Some form of “amnesty” is frankly inevitable.  We can’t kick 12 million people out and any punishment that is too harsh will simply encourage them to remain illegal immigrants.

Yes, there were some issues with the bill, including a pronounced shortfall in enforcement mechanisms.  But we have to start somewhere.  This was as good a place as any.

Let’s hope – and I never thought I would say this – that Ted Kennedy is right when he says “This issue is not going to go away” and that he will keep pushing it.


Marc is a software developer, writer, and part-time political know-it-all who currently resides in Texas in the good ol' U.S.A.

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2 thoughts on “Immigration Reform? No…

  1. No, this was not a good place to start. We would be better off with enforcing our current laws (which Senator Hutchison was against for some odd reason), then granting every illegal that “prove” that they were in the US prior to Jan 2007 (all it takes is a utility bill or a sworn statement by a relative), and they get immediate and permanent “temporary” work status.

    Not to mention that when an amendment was brought forth to prevent felons from getting these visas, it was voted down.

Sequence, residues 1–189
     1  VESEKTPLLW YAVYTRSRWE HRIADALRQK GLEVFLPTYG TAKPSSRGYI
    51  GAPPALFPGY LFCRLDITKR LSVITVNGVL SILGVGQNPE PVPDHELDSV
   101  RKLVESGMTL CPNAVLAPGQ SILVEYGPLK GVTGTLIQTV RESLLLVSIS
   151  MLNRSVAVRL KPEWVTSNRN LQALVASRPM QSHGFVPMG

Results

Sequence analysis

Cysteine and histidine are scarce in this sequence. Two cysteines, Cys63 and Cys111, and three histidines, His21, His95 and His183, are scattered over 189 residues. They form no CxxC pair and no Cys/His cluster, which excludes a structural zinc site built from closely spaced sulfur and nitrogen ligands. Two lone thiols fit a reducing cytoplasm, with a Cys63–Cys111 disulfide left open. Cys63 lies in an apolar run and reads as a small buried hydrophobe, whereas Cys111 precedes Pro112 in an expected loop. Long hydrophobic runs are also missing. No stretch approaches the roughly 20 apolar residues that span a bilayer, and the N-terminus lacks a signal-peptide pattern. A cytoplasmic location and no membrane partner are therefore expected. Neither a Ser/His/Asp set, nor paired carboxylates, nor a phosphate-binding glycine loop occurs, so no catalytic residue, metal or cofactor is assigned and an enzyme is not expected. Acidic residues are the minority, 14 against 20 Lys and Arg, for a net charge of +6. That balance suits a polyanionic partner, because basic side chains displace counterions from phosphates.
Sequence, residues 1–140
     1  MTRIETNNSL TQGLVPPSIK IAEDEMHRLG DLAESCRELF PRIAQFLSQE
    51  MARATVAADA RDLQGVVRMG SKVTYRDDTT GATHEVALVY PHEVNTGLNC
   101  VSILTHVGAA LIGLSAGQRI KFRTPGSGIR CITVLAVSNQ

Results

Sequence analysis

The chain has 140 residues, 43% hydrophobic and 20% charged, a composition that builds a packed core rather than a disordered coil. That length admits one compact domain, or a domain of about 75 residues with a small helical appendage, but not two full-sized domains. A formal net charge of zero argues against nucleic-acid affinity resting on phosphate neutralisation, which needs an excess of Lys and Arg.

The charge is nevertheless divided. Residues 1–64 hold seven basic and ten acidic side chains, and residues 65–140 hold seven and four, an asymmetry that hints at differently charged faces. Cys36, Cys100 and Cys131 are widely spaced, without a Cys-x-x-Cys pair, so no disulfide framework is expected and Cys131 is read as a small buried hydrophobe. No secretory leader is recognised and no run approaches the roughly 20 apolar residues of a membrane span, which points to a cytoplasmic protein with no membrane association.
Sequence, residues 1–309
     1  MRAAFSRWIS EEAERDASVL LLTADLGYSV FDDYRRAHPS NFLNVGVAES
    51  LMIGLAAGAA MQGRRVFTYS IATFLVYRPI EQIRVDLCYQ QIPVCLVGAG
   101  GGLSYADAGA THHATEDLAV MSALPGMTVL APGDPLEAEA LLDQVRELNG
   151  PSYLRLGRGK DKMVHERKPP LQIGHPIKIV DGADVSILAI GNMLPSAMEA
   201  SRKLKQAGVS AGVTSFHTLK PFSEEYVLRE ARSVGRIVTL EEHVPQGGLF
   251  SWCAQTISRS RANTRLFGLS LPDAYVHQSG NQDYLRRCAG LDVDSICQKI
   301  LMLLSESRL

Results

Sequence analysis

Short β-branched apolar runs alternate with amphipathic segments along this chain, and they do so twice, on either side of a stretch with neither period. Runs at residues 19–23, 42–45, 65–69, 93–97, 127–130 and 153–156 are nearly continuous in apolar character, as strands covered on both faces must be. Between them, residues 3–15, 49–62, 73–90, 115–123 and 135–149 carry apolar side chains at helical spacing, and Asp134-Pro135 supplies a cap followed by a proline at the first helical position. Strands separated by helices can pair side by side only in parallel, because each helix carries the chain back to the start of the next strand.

The basic assumptions that this bill brought forth were wrong. We need to enforce the border (which this bill didn’t do). We need to allow for more immigrants to legally enter the US (which this bill sort of did, but greatly favored Mexicans and low skill workers). We need to validate who can work in the US legally (which this bill alleged to do, and might have succeeded). We need to enforce work laws in the US (which this bill didn’t do). We need to deal with the current 12-22 million (which this bill did by legalizing them).

    It wasn’t the best, it was just about the worst we could get. The one day background check was a joke. If we can’t process the demand for passports for US citizens wanted to travel abroad this summer, how could we do background checks in 24 hours on 12-22 million illegals. And when we fail (because you know that we will), they get their Z visa anyway. So, all those Zetas and other gang members just got legalized because we didn’t bother to wait to verify if they were actually criminals.

    Can we get a legitimate bill through Congress? I doubt it. And the American people (Joe Sixpack) will remember that. They will remember that Congress has, once again, abrogated its responsibility. Heck, the GOP certainly could have done something when they were in power…but half the GOP wants cheap indentured servants, and half of the Democrats want new voters they can lure with government entitlements. Neither group cares what is best for the US.

  2. I guess we’ll have to agree to disagree on this one.

    Neither group cares what is best for the US.

    That, I’m afraid, is the case. Worse, by not participating now, Republicans probably have forfeited their place in the debate, period.

    That’s just plain stupid, IMO. Unless their end game is to let the Dems do whatever they want, play politics with the resulting shambles, and win back the majority that way. That would also be stupid. And cowardly.